Not surprisingly the Emperor has taken a dim view of the French preparations and ordered Graf Von Grommitt to march his army to the Scheune Brucke, drive off the French forces and restore Imperial control over the Schaumenwasser crossing. To achieve this task Von Grommitt has 8 battalions of line infantry, two of grenadiers, a medium and light gun and 5 regiments of horse. He has deployed with his horse opposite their French opponents and his line infantry opposite the French centre. The grenadiers, under the command of the veteran Major General Boome are on the right, tasked with capturing the Scheune Brucke. The starting positions can be seen in the (rather blurred) photograph above. A roll of the dice decreed that Steve should take the part of Salle Forde and I that of Von Grommitt.
Von Grommitt ordered a general advance and his troops initially moved forward in an orderly way. However, the cavalry under the Duke of Hofburg - Riesling advanced too far, bringing them within charge range of the French cavalry. In the ensuing melee the French gained the upper hand, especially as the defeated Fugger regiment disordered the supporting Erbach regiment as it routed. This meant that the Erbach regiment was in it's turn defeated by the Aubusson regiment which was following up its earlier success. The Veningen Gendarmes had driven off the Vaillac regiment, but had taken heavy casualties in the process, thus preventing them from sweeping forward. Seeing this hesitation, the Spanish cavalry regiment charged the Gendarmes and in no time drove them from the field. In under half an hour 60% of Von Grommitt's cavalry was destroyed.
Meanwhile, in the centre the Hessian and Austrian infantry continued their advance. As the range closed the French light artillery began firing and then the French infantry volleys joined in. Salle Forde seemed to have given orders that his artillery concentrate on one target and the unlucky unit was Erbprinz. Casualties increased amongst the Hessian regiment's ranks and a final decisive volley from Remazy was the last straw. The Hessian regiment broke, streaming back and Von Grommitt himself galloped across the try and rally the shaken infantry.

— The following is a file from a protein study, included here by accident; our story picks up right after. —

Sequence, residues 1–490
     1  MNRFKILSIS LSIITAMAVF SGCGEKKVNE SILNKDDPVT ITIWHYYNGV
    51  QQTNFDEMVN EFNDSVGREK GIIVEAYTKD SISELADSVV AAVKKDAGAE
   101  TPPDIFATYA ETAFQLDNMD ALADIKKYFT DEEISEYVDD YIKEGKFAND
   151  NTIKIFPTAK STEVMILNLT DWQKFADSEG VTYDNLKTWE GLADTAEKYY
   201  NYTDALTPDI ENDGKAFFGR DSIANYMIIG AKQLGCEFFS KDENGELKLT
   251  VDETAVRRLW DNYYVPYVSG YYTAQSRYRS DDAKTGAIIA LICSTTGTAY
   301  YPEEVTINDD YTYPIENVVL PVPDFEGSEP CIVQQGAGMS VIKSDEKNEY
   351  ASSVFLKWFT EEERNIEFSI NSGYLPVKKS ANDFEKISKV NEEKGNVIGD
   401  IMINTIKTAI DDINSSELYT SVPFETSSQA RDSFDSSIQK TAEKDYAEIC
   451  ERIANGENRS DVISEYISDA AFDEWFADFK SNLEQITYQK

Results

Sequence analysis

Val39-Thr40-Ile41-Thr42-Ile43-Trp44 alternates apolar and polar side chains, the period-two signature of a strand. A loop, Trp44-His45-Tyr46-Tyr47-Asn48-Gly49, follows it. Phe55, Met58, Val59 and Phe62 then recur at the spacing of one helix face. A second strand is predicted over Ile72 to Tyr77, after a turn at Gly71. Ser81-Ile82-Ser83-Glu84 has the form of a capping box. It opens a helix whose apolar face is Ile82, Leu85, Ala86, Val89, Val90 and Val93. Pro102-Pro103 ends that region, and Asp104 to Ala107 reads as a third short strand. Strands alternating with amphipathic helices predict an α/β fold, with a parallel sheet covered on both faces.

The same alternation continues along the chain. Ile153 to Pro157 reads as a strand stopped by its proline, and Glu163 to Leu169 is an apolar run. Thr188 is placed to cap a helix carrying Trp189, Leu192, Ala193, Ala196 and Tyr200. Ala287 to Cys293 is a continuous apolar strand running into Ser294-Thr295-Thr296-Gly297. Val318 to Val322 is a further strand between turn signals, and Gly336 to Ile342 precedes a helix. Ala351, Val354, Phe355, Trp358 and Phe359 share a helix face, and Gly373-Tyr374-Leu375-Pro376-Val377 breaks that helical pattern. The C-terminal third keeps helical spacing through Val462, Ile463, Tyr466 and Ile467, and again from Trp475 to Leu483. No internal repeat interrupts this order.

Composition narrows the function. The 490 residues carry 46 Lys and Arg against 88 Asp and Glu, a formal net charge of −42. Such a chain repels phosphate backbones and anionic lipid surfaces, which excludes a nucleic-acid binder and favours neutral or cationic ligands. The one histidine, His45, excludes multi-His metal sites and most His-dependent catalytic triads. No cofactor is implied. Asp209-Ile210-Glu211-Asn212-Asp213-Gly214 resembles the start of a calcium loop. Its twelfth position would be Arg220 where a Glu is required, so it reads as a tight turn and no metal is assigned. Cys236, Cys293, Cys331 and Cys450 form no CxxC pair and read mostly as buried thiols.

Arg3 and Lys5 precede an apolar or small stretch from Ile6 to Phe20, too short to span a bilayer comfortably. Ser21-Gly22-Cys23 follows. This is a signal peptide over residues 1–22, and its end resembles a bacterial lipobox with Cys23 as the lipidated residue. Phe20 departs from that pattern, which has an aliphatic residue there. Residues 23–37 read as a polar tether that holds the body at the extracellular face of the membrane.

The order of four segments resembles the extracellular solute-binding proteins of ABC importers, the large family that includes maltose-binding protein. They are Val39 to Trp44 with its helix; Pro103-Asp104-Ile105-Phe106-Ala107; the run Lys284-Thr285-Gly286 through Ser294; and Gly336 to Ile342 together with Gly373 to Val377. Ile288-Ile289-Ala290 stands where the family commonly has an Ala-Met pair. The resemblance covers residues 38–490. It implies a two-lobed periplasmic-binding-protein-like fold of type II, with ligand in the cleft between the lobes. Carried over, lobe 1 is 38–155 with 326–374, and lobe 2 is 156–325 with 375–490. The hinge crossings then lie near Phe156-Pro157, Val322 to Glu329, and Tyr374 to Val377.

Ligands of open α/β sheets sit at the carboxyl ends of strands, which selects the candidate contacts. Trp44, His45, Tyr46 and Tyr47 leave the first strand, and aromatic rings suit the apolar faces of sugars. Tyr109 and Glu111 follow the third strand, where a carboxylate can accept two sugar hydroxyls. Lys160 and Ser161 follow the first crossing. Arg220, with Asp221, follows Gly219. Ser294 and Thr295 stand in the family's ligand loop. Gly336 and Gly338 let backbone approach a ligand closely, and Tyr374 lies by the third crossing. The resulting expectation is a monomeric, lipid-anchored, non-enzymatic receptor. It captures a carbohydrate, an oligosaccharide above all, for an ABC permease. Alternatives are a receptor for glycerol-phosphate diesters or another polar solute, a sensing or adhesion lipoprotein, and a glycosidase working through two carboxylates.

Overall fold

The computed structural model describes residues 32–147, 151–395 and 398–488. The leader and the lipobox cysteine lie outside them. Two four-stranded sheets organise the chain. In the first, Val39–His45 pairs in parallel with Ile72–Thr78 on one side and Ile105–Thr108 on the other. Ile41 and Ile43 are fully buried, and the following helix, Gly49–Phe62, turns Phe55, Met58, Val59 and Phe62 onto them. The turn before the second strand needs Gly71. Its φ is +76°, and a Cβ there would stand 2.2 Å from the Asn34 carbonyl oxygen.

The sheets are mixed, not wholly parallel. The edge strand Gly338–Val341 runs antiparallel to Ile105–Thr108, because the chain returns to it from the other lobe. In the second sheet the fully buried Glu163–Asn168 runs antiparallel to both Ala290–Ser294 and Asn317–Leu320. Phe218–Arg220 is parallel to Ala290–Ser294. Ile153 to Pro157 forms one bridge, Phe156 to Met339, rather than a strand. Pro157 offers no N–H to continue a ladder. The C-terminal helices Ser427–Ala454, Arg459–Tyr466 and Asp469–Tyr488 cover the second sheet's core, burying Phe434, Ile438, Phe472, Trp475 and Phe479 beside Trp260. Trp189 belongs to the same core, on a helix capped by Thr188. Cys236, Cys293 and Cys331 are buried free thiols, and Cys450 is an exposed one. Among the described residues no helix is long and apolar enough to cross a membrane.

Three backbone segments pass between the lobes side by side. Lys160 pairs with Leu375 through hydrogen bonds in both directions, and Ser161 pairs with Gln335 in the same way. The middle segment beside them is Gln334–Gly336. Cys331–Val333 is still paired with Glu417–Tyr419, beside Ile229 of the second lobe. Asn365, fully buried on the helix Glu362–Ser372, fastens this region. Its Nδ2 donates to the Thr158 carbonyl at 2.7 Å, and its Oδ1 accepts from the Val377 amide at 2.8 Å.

|Too much firepower for Erbprinz|
As he made his way back to the centre, Von Grommit's attention was drawn to the left, where the last of Hofburg - Riesling's cavalry was fighting for their lives. All that remained were two under strength Austrian cuirassier regiments, Alt Hannover and Herbestein. Herbestein were bested by Aubusson, but inflicted such heavy casualties on the French that they were forced to fall back to reform. Alt Hannover, stood their ground and repulsed an attack by the Cuirassier du Roi, then charged in their turn. The French also stood their ground, absorbed the impetus of the charge and then drove back the Austrians. It was the French who recovered the quicker and once again the Cuirassier du Roi charged. This time they were victorious and the last of the allied cavalry were driven from the field.
|Alt Hannover try and stem the tide|
Hurriedly Von Grommitt tried to put together a new left flank. Erbprinz turned to face the French cavalry and orders were sent to the remainder of the Hessian units, Lowenstein and Wartensleben to move to new positions supporting the allied gun. Fortunately for the allies the French cavalry took some time to re-organise from their exertions and a new front was formed.
However, the re-positioning of the Hessians meant that the central attack was significantly weakened. The Austrian infantry were making real progress against the French left, pushing back Rouergue and Languedoc and uncovering the temporary pontoon bridge.
|The Austrian infantry attack|
|The Hessian grenadiers try and force their way over the bridge|
|The Palatinate Life Regiment attack|
|The French cavalry attack|
|The Cuirassier carry off their trophy|
Salle Forde was relieved at the victory, his main line had been severely tested and it was only the success of the cavalry which had provided the victory.